8 Countries At Risk of Drowning

By Rachel Cernansky, Planet Green

We’ve all heard about the possibility that the Maldives could go underwater because of rising seas caused by climate change. But there are other nations facing the same risk.

Not that going underwater is the only form of danger: climate change is finding vulnerabilities in countries from Mexico to Russia, droughts in already-arid countries will grow worse, and the number of climate refugees worldwide is growing steadily.

Rainforests are threatened, disease is exacerbated, and hardest hit are poor populations and women around the world.

But, it’s still probably fair to say that the greatest threat from climate change faces small island nations that could be washed underwater with just a slight rise in sea levels. Here’s a look at a few of those nations.


20 million people are expected to be displaced because of rising seas caused by climate change.

Papua New Guinea

TreeHugger wrote last May: “The Carteret Islanders of Papua New Guinea have become the world’s first entire community to be displaced by climate change.” Papua New Guinea shares an island with Indonesia, another nation threatened by climate change.

Taal Volcano in the Philippines, 30 miles south of Manila

The Philippines

The water is already rising in the Philippines, not only threatening homes of people who live near the coast, but flooding rice fields and devastating other areas of agricultural production. The ILO quotes the mayor of Jabonga, a resort town in a southern Philippine province: ďBefore only 20 per cent of water from the lake and seaside overflow to the community, now it has increased to about 80 per cent. It has affected farm production for rice, corn, vegetables and fruit trees.”


It’s not just faraway islands that Americans had never heard of before climate change started being talked about. Host of the Barbados Conference that focused on this issue back in 1994, Barbados is another of the small island nations at risk. According to UNESCO: “With populations, agricultural lands and infrastructures tending to be concentrated in the coastal zone, any rise in sea-level will have significant and profound effects on settlements, living conditions and island economies. The very survival of certain low-lying countries is threatened.”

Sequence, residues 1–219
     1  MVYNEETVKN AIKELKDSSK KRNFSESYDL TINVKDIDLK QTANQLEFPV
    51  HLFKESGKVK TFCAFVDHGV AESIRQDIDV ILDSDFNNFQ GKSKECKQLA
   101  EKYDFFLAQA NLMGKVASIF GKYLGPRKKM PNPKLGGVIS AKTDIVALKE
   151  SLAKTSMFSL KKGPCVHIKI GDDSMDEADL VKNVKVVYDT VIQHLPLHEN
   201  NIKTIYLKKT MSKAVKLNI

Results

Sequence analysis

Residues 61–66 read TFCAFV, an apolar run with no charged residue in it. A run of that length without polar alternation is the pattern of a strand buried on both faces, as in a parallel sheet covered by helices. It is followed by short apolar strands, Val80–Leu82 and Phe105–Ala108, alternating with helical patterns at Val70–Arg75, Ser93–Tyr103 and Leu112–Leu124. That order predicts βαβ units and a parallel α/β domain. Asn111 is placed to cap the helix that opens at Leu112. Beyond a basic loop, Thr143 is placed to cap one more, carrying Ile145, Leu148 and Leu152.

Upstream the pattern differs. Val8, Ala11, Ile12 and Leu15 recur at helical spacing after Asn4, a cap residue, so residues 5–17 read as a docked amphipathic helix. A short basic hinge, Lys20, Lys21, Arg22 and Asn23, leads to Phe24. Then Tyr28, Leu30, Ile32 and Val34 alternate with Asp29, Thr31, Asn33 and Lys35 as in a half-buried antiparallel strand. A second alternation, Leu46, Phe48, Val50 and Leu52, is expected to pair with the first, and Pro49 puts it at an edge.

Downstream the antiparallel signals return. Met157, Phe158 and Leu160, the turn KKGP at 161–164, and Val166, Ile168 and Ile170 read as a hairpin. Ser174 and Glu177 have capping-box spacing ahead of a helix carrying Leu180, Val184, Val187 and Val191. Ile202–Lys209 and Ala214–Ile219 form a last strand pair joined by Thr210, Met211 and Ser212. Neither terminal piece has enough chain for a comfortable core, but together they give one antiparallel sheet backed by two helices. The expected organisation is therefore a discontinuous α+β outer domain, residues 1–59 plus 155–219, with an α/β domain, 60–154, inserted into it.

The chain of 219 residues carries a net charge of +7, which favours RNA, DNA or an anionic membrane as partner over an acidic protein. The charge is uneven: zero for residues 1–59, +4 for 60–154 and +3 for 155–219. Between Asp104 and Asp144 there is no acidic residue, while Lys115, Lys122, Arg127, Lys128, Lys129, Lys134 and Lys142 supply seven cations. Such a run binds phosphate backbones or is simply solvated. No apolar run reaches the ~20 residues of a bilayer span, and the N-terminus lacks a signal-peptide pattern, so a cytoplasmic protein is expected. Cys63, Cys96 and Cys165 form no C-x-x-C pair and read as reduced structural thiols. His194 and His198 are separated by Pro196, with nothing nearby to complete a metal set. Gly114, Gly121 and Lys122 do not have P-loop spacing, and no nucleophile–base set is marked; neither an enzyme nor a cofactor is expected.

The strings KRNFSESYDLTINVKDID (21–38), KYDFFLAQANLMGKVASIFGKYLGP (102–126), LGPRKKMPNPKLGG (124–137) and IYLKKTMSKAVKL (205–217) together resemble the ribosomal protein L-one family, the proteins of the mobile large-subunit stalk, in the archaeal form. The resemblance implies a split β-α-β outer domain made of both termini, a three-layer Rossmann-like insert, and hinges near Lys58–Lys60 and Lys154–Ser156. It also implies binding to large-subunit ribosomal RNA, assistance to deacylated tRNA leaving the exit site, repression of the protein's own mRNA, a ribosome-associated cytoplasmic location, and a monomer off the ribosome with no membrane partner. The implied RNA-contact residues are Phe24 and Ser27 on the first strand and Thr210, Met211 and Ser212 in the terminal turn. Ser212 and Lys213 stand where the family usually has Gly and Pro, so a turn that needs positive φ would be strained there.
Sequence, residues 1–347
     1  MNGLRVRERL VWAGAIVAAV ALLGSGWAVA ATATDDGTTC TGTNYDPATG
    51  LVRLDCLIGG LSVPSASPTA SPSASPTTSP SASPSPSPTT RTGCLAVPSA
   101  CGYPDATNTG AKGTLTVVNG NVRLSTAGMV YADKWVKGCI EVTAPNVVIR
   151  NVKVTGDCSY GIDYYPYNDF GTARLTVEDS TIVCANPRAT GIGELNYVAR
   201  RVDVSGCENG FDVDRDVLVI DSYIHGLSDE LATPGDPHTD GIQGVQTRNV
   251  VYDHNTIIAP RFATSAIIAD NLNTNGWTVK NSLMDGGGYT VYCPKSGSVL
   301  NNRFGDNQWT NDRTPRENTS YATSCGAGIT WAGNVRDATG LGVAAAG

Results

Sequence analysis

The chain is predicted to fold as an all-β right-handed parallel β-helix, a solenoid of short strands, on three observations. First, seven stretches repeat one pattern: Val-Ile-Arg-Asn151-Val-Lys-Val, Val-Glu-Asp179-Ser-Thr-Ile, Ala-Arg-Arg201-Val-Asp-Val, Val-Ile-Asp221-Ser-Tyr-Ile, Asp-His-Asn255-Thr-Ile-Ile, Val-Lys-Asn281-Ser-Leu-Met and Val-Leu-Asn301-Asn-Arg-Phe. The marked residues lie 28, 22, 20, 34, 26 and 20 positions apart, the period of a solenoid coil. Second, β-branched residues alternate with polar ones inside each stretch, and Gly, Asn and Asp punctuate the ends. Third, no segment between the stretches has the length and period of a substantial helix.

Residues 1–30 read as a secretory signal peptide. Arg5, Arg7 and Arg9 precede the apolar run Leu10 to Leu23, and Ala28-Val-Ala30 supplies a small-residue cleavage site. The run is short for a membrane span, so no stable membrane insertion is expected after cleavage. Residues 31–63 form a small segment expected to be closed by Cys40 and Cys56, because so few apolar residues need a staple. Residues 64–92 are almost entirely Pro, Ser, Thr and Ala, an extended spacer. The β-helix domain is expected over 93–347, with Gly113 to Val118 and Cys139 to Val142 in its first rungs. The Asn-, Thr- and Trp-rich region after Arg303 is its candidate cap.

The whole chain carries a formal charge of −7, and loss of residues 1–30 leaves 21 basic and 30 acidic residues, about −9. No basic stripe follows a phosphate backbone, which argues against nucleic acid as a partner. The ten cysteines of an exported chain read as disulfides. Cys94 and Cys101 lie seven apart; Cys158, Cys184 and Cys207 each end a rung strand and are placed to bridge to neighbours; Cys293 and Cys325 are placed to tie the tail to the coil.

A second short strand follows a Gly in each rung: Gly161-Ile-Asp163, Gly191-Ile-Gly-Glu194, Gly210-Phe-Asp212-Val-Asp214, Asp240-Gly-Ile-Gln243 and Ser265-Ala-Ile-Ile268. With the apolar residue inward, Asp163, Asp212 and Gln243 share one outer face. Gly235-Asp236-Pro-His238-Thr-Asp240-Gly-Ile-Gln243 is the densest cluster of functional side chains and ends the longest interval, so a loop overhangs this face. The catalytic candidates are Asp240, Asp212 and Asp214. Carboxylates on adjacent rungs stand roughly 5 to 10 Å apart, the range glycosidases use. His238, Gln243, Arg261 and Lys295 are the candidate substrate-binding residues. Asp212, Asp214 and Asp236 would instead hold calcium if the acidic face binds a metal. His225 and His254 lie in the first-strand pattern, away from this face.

Fanning Island, Kiribati


The highest point of land on the Pacific island nation of Kiribati “is now just two yards (meters) above sea level, said [President Anote] Tong,” the Gstaad Project blog writes based on AP and IHT reports. “He said climate change ‘is not an issue of economic development; itís an issue of human survival. Some of Kiribatiís 94,000 people living in shoreline village communities have already been relocated from century-old sites.’”


From a paper by the OECD [PDF]: “In addition to this high biophysical exposure to the risk of sea level rise, Egyptís social sensitivity to sea level rise is particularly high. As discussed earlier in this section much of Egyptís infrastructure and development is along the low coastal lands, and the fertile Nile delta also constitutes the prime agricultural land in Egypt.”

Funafuti atoll in Tuvalu - Image Credit: mrlins via flickr


TreeHugger has already reported on Tuvalu’s plea for help: “Home to some 10,000 people, the group of atolls and reefs is barely two meters above sea level. A 1989 U.N. report predicted that, at the current rate the ocean is rising, Tuvalu could vanish in the next 30 to 50 years.”


And, of course, the one we all know, thanks to last year’s underwater cabinet meeting held by Maldives president Mohamed Nasheed to bring attention to this issue.

Related Links:
Top 10 Countries Killing the Planet
The Best Explanation of Why We Need to Address Climate Change


Maria P
Martha P3 months ago

thanks for sharing

Angela Padovani
Angie P4 years ago

Maybe the story in the bible is happening all over again. God is mad and wants to cleanse the earth. Sounds like it is time to build the ark.

Fi T.
Past Member 4 years ago

Time to act

Mrs M.
Linda M8 years ago

I hope the animals are taken care of.

Marta W.
Marta Weiss8 years ago

unbelievably true :(

Bente S.
Bente S8 years ago

Good info, but sad.

Carol Cowbrough
Carol C8 years ago

Having visited 3 of the places mentioned I was surprised too (as said by someone else here) to see Egypt on the list. The whole issue is very worrying.

Theo Roropoulos
Theo Roropoulos8 years ago

so sad..

Deb Lewis
debbie Lewis8 years ago

thanx for the article....if the arctic melts I think my country may get flooded tooo...Canada. Let's hope that doesn't happen.

Mariana V.
Mariana V8 years ago

well portugal is almost surrounded by the sea - maybe we are next...

this is sad, really sad to think we are the only responsibles for whats happening.